“The mesquite is God’s best thought in all this desertness. It grows in the open, is thorny, stocky, close grown, and iron rooted. —Mary Austin, 1903
Abe Sanchez and I accompanied Stan and Marta Rodriquez and Bonnie from the Santa Ysabel Reservation in San Diego County to gather the roots of God’s best thought, aka the thorny, iron-rooted mesquite tree. The mesquite has extremely deep taproot systems and expansive lateral roots for survival in arid regions. Mark Dimmitt from the Arizona-Sonora Desert Museum writes that the mesquite’s root system, in fact, is the deepest documented of any tree.
Mesquite trees are phreatophytes, or plants with a deep-roots extending down into the water table. According to botanist Bruce Pavlik, the honey mesquite is the most widespread phreatophytic tree of the Sonoran Desert, as well as the most ecologically important for its multitude of resources: Food. Fuel. Shelter. Tool. Weapon. Fiber. Medicine.
The mesquite is so indispensible that for some native people such as the Akimel O’odham, or Pima, two months of their traditional calendar honor the seasonal cycle of the mesquite: Mesquite Leafing-Out Moon and Mesquite Flowers Moon. The velvet mesquite was considered the Tree of Life for the Pima. Ethnobiologist Amadeo M. Rea writes at length about the mesquite’s importance in his monumental ethnobotany of the Gila River Pima titled At the Desert’s Green Edge.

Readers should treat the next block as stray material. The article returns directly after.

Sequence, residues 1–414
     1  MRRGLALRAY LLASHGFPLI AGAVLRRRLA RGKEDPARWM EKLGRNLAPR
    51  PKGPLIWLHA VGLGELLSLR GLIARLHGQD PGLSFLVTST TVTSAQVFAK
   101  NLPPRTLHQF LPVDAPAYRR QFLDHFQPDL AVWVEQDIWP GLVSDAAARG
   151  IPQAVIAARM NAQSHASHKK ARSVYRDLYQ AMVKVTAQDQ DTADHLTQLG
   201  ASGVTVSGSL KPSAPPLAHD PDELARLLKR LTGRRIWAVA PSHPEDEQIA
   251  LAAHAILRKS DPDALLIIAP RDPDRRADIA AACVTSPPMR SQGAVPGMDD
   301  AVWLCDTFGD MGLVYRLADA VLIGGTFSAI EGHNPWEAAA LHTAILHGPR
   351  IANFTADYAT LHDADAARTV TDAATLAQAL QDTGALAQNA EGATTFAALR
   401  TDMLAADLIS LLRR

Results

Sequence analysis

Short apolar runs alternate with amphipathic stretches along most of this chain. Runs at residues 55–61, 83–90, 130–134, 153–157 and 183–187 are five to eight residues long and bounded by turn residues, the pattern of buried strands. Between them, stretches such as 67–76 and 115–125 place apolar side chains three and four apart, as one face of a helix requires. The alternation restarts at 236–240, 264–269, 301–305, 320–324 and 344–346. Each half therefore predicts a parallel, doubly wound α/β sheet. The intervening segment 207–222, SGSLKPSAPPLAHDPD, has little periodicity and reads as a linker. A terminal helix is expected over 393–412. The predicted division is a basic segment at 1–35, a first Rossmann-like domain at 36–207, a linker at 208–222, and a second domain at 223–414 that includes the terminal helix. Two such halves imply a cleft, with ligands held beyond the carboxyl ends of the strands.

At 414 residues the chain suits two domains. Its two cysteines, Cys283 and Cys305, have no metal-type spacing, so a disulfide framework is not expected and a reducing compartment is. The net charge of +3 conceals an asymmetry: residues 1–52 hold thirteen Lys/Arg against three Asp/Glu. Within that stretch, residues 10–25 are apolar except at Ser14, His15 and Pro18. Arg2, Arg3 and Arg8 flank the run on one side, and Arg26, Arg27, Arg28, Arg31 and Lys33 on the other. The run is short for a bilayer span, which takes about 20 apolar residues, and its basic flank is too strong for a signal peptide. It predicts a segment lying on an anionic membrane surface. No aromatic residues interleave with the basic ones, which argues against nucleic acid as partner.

Marta, Stan, Bonnie, and Abe dig up the pliable lateral roots from the mesquite trees growing in the wash of an intermittent stream. It’s a lot of work, although the ground is soft and sandy. It’s Abe’s first time gathering the mesquite roots.
As soon as the mesquite root is harvested, it needs to be bent into an elongated U-shape to use as the frame for a cradleboard. In the photo above, Bonnie holds her U-shaped mesquite root, using peeled mesquite bark strips to hold the U in place. In Precious Cargo, California Indian Cradle Baskets and Childbirth Traditions, Brian Bibby’s history of baby baskets in Native California, he writes that examples of Kumeyaay cradles are rare in museum collections. A Mojave cradle in Precious Cargo features the U-shaped, or hairpin-shaped frame, made from mesquite roots. Another cradle by Pai Pai/Kumeyaay Margarita Castro looks very much like Bonnie’s U-shaped mesquite root frame, although mesquite is not listed as one of the materials.
It’s late November and the wash is dry, exceptionally dry according to Bonnie and Stan. They find that the roots of some of the mesquite trees are unusable for their cradleboards because they’re inflexible and brittle rather than supple and pliable. We walk up the wash a considerable distance to find suitable mesquite trees to harvest roots. We’ve lost Abe and Marta, and Stan and Bonnie talk about the necessity to stay in tune with the subtle and not so subtle changes in their ecosystems in order to gather native plants successfully.
After returning home, I do some research about the changes in the water table have resulted in the demise of mesquite groves in our region. Mark Jorgensen, senior ecologist with the Anza-Borrego Desert State Park, reports that the lack of water is killing several different desert plants, including the honey mesquite: